FAPA member and young scholar, Mr. David Chen ( 陳立偉), has published a handbook of Romanized Taiwanese & Hokkien. This is an excellent handbook for our 2nd generation to learn Taiwanese. This book is already on the Xlibris bookstore website and should be available for purchase on Barnes and Noble and Amazon:
Taiwanese and Amoy Hokkien are languages that developed as hybrids of Zhangzhou and Quanzhou dialects both in the City of Xiamen (Amoy) and in Taiwan. Hokkien, along with the related Teochew language, are amongst the most widely spoken Chinese languages overseas along with Standard Mandarin, Cantonese, Hakka, and Shanghainese. There is a limiting belief that Taiwanese and Hokkien are just spoken an not written, and that language can only be passed down orally. Most language learning resources available target Mandarin speakers and some target English speakers. However, many forms of Taiwanese Romanization exist and create confusion and discouragement to people wanting to learn the language. Also most books that discuss phonetics and tones in Taiwanese and Hokkien languages target Mandarin speakers literate in traditional Chinese characters. The Handbook of Romanized Taiwanese & Hokkien is for English speakers and acts as a guide that discusses the phonetic and tone structure of Taiwanese Hokkien vocabulary and five of the most common forms of Taiwanese Romanization. With several Taiwanese language instruction books available, this book covers basics on reading and pronunciation of Taiwanese Romanization regardless of which Romanization is being used. This book does not replace learning Taiwanese through conversations and interactions with people, but is a guide for teachers, parents, and students to enhance their learning of Taiwanese and as a teaching tool to pass down to next generations. This book focuses more on Taiwanese and Amoy Hokkien but provides a basic foundation in phonetics and tones that can be applied to other Hokkien dialects.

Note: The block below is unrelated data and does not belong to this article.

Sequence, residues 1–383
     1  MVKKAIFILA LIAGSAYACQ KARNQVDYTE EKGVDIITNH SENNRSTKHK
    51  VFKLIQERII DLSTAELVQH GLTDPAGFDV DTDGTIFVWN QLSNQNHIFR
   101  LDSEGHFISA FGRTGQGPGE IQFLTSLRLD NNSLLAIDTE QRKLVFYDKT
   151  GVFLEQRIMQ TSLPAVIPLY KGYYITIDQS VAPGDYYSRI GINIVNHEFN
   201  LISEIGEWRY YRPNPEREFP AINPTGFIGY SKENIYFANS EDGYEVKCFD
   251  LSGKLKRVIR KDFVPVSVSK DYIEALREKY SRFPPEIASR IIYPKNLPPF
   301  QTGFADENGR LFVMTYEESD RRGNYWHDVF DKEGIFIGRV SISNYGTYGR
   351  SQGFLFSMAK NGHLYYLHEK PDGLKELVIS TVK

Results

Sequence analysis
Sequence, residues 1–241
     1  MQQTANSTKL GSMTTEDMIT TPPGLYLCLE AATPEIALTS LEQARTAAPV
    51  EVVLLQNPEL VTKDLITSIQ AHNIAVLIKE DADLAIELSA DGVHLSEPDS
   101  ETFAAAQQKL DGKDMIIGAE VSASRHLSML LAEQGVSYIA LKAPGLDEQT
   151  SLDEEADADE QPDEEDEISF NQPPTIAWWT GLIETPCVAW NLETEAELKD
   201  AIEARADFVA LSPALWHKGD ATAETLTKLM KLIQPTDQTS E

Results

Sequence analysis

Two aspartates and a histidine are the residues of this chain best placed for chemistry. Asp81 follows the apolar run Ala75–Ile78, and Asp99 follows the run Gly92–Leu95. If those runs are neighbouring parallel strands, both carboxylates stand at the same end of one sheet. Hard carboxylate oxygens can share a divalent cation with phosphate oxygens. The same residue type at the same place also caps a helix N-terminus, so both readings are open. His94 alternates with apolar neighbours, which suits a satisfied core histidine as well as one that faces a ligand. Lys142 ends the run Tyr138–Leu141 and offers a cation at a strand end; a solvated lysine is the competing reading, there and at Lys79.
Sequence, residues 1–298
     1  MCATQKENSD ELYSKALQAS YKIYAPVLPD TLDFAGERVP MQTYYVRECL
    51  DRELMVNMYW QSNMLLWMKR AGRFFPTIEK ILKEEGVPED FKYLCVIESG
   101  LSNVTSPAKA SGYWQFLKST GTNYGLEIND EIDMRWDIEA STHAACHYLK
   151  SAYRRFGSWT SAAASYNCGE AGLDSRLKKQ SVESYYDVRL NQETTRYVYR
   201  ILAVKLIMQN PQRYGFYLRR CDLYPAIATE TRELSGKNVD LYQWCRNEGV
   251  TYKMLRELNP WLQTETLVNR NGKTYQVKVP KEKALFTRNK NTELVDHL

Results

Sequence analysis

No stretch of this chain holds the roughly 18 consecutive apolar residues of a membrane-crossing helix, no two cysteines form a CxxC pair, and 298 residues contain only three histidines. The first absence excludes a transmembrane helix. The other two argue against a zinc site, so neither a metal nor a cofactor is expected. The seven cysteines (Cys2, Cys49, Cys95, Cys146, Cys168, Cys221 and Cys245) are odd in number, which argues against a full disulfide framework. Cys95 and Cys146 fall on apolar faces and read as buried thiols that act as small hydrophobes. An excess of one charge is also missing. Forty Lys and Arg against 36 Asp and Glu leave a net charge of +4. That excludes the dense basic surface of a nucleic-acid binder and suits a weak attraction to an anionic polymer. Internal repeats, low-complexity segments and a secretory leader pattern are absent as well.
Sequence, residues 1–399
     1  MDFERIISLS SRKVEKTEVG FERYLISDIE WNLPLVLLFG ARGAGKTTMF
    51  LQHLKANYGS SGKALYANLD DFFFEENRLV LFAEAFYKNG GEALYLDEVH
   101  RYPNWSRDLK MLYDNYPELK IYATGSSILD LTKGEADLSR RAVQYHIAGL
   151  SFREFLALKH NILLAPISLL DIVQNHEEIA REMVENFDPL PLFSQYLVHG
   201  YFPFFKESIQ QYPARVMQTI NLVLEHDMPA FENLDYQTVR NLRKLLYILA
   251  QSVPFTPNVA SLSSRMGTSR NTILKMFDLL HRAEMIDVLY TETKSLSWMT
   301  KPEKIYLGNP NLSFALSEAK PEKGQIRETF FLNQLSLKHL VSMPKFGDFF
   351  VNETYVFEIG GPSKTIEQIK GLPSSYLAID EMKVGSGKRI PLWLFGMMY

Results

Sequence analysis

About the Author
David L. Chen is a Taiwanese American whose family immigrated to United States in the mid-1970’s when he was almost two years old. He was exposed to both Taiwanese and Mandarin languages growing up. Growing up in a Taiwanese American community reinforced the importance of cultural identity and language. His first foreign language was Mandarin during the elementary and junior high school years through Saturday Mandarin “Chinese” schools, which became popular in the 1980’s and are now mainstream. These classes introduced him to basic Chinese language grammar structure and the importance of written traditional Chinese characters, phonetics, and tones. Learning Standard Mandarin and written Chinese characters provided him language tools that he applied when visiting relatives in Taiwan. He took Japanese language in high school for his foreign language requirement and also applied the tools he learned from the previous Mandarin courses. He obtained a Bachelors of Science in Civil & Environmental Engineering from University of Washington (UW) and later obtained his Masters of Science in Civil & Environmental Engineering from University of California, Irvine (UCI) where he also took some freshman Mandarin courses. He always recognized Taiwanese language as the mother tongue of Taiwanese people, especially communities overseas, and is currently applying his language experiences from learning Mandarin and Japanese to developing Taiwanese language materials for overseas Taiwanese youth. He is currently resides in Southern California.